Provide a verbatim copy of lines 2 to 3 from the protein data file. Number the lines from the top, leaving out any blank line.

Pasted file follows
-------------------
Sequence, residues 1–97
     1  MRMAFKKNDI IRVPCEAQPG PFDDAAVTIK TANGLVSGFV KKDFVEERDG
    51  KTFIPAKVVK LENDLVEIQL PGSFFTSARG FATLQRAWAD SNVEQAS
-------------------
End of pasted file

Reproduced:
     1  MRMAFKKNDI IRVPCEAQPG PFDDAAVTIK TANGLVSGFV KKDFVEERDG
    51  KTFIPAKVVK LENDLVEIQL PGSFFTSARG FATLQRAWAD SNVEQAS